This article by Jennifer Allen looks at the extent to which either pre or post-nuptial agreements will be taken into account by the Court and also looks forward to the impact Brexit may have on this area of law.
Wills and Unmarried Couples
It is very common these days for people to live together in committed relationships but without marrying or becoming civil partners. People in this situation are strongly advised to make Wills providing for each other because the law does not recognise this living together arrangement as a legal relationship and it is unlikely to change in the near future.
There is no such thing as a "common law" husband or wife. Cohabitees do not have any legal right to their partner's estate if they die without making a Will or without putting their financial affairs in order. A Will enables cohabiting partners to make provision for each other and a good adviser will also discuss other matters such as pension benefits and life insurance to ensure that these are properly dealt with.
If a cohabitee dies without making provision for their partner, the partner may need to consider bringing a claim against the estate under the Inheritance (Provision for Family and Dependants) Act 1975. This Act enables certain people to make a claim for financial provision from an estate, whether or not there is a Will. However, this would mean the surviving partner paying for legal advice and the costs of the claim. There are hurdles to overcome in order for such a claim to be successful. A claimant has to demonstrate financial need and the claim may be defended by those who do have a legal right to the deceased's estate either under the Will or Intestacy Rules. The matter could result in a costly and stressful Court hearing.
Jointly owned property will usually pass automatically to the survivor if one owner dies, however, if land is owned by a couple as "tenants-in-common", the deceased's interest will not pass automatically to the co-owner but instead according to their Will or the Intestacy Rules. Unmarried couples therefore need to understand how they own jointly owned land and to make a Will to deal with their interest if the property is owned as tenants-in-common.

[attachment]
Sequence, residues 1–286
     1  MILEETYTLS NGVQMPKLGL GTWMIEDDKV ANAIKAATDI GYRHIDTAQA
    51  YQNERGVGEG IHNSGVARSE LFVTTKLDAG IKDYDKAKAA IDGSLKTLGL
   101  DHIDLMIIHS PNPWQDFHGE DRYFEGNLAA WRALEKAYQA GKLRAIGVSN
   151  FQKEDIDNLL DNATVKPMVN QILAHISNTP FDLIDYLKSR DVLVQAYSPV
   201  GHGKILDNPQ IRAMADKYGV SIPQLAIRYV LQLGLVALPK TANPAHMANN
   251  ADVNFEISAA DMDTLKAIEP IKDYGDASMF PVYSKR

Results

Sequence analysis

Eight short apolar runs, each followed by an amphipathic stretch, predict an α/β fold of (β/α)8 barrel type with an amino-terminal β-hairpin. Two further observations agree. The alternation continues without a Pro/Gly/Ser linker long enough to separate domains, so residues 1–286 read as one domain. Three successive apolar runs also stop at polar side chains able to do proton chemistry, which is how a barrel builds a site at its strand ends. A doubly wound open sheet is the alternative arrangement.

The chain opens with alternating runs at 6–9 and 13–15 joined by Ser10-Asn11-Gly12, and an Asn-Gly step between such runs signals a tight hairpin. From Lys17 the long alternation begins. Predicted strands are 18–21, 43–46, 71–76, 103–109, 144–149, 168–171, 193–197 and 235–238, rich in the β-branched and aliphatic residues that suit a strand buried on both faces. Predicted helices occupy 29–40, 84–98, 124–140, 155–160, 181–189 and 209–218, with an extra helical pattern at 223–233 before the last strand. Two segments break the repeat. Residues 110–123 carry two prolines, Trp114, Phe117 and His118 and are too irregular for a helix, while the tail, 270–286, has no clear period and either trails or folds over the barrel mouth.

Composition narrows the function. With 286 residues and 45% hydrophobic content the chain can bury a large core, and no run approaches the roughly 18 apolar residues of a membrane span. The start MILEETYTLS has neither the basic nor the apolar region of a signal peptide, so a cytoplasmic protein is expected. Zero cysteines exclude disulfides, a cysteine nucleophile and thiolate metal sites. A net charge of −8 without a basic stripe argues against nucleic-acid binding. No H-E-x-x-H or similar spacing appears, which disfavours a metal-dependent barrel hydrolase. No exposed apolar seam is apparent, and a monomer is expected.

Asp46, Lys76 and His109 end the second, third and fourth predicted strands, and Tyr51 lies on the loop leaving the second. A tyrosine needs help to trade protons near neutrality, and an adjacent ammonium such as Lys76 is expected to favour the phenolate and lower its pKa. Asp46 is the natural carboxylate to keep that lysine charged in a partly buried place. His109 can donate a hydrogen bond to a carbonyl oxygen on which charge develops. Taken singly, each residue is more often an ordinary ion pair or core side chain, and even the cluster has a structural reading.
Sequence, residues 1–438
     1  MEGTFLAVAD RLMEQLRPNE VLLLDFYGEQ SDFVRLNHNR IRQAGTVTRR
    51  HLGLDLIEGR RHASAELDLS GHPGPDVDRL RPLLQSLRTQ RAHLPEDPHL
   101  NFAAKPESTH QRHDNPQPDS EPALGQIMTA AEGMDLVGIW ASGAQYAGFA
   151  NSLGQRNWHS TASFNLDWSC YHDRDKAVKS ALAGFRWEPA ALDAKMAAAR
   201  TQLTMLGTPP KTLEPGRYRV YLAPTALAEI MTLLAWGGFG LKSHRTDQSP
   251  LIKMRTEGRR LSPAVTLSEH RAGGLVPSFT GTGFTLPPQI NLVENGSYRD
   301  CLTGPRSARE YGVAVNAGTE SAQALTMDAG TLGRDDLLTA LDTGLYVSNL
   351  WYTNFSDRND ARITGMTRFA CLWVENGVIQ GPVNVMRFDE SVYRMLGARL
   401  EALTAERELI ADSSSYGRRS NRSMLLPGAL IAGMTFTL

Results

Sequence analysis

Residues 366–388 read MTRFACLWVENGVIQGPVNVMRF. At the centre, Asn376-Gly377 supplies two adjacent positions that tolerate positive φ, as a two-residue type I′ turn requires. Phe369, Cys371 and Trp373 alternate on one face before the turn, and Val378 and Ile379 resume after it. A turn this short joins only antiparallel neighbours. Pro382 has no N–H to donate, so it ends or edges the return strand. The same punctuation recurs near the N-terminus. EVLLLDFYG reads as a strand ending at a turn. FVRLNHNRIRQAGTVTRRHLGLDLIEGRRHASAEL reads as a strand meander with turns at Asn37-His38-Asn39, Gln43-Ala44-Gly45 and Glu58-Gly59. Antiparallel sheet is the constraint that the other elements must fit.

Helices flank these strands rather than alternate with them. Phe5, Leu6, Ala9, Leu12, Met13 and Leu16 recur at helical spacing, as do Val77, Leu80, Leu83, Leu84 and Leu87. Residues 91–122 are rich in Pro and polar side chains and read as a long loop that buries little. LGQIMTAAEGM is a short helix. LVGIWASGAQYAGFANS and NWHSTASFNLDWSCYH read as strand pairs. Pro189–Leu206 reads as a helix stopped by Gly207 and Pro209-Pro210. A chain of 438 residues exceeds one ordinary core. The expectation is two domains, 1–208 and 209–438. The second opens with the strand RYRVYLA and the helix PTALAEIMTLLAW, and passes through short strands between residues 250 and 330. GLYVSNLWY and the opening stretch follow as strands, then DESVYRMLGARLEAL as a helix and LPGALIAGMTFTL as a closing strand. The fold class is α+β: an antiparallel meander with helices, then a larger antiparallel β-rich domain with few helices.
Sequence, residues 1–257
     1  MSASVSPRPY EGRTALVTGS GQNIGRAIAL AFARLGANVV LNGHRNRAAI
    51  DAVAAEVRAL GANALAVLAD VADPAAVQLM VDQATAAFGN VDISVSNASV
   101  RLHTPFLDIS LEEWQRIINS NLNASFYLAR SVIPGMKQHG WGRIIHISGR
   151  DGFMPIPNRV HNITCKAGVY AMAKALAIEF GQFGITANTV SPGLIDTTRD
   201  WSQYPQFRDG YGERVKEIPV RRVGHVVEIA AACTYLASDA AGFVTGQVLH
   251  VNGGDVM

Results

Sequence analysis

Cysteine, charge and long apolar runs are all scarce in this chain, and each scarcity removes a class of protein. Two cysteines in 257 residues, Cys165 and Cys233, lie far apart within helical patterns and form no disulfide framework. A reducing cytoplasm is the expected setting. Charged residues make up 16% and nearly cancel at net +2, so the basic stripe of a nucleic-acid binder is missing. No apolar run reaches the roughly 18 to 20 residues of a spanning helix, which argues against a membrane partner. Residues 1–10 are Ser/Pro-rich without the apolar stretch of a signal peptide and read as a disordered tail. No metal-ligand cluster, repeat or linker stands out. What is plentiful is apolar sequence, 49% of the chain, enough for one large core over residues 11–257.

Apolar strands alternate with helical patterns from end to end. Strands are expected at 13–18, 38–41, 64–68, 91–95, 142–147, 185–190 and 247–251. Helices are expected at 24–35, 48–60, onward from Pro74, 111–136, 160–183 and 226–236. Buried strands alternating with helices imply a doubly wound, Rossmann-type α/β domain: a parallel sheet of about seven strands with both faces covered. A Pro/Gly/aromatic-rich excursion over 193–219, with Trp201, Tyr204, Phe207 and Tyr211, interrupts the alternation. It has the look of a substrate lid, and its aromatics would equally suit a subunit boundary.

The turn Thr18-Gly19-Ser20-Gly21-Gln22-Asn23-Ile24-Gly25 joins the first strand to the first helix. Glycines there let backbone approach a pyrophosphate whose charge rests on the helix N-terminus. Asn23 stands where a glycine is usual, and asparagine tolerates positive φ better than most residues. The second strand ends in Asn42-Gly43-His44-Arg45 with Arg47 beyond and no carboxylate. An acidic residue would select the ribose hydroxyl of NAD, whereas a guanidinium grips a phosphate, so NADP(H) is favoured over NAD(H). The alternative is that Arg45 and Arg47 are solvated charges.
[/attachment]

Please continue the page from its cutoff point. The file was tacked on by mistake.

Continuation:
Couples who live together can also consider drawing up a Cohabitation Agreement to govern what they each bring to the relationship and how their assets will be divided if they break up. This would be helpful to document each party's intended financial contribution to acquiring a property and servicing the mortgage and out-goings. It could also cover financial responsibility for any children of the relationship. Matrimonial legislation would not apply to a cohabiting couple if they are not married.
Unmarried couples do not benefit from favourable Inheritance Tax exemptions. If spouses leave assets to each other on death, the full value is exempt from Inheritance Tax and so this is a great relief at a difficult time. If an unmarried person leaves assets worth more than their Inheritance Tax Allowance to their partner (currently £325,000), this could trigger an Inheritance Tax charge at the rate of 40% of the value over their allowance.
For example, if John leaves assets worth £400,000 to his partner, the Inheritance Tax bill would be £30,000 (40% of £75,000). This could be difficult to fund without selling assets.
Marrying is therefore good from a tax perspective. However, marrying also means that a couple has greater financial responsibility towards each other in the event that the relationship breaks down and so that must also be borne in mind.
If you would like to discuss making a Will or a Cohabitation Agreement, please get in touch with a member of our Private Client Department on 01242 574244.